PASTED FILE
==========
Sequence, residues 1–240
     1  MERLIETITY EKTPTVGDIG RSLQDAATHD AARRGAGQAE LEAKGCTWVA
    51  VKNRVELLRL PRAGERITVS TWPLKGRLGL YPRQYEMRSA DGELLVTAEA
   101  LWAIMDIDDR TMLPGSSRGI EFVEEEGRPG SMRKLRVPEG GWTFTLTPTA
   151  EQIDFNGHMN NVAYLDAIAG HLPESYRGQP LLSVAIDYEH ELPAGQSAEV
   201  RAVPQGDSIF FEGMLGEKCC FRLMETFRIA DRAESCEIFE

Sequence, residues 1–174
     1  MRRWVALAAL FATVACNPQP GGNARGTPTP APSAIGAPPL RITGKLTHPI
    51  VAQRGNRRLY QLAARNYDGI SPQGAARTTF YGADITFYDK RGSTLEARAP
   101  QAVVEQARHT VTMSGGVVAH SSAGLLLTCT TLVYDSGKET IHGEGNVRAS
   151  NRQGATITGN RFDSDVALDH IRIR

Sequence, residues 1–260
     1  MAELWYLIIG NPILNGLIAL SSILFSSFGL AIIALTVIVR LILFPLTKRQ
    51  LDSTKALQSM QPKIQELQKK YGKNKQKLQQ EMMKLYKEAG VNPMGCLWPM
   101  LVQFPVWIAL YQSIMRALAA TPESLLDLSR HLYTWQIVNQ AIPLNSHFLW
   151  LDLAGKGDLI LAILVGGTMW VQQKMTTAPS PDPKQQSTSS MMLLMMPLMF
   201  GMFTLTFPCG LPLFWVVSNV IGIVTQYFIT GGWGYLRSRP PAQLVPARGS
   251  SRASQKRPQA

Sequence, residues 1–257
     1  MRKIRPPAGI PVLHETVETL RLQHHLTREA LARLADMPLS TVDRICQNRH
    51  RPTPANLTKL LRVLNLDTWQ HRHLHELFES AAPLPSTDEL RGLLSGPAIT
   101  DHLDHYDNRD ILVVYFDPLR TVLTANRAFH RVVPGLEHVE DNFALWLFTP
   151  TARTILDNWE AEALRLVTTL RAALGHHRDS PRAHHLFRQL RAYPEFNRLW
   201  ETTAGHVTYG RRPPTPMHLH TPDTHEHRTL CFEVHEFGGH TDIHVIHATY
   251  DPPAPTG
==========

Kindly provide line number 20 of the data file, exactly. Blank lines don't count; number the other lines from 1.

     1  MRKIRPPAGI PVLHETVETL RLQHHLTREA LARLADMPLS TVDRICQNRH